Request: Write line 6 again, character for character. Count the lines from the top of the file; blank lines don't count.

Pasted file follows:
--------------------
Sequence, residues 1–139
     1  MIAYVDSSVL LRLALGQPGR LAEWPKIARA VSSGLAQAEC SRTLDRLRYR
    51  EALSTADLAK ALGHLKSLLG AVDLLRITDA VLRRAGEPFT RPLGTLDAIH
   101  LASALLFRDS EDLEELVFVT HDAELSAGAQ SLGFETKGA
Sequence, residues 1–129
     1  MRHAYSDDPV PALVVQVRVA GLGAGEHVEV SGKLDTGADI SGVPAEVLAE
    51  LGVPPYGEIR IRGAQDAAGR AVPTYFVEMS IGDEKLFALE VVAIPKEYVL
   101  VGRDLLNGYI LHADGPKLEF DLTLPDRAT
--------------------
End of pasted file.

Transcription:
     1  MRHAYSDDPV PALVVQVRVA GLGAGEHVEV SGKLDTGADI SGVPAEVLAE